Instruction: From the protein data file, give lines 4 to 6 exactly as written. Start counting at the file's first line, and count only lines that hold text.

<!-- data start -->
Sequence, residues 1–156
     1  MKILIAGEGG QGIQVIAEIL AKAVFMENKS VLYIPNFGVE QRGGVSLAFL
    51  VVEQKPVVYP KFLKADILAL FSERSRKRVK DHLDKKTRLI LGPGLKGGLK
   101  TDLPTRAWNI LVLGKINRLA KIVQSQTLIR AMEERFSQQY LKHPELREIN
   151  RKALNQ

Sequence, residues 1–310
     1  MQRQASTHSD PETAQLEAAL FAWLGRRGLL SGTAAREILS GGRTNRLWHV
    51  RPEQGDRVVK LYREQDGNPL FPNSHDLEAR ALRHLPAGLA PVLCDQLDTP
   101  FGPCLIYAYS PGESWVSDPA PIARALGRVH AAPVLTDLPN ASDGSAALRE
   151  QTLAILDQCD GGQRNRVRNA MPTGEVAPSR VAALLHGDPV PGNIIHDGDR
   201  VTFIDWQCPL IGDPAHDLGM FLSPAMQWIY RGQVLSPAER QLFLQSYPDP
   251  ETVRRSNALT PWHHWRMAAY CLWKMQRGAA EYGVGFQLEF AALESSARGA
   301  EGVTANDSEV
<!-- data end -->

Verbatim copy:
   101  TDLPTRAWNI LVLGKINRLA KIVQSQTLIR AMEERFSQQY LKHPELREIN
   151  RKALNQ

Sequence, residues 1–310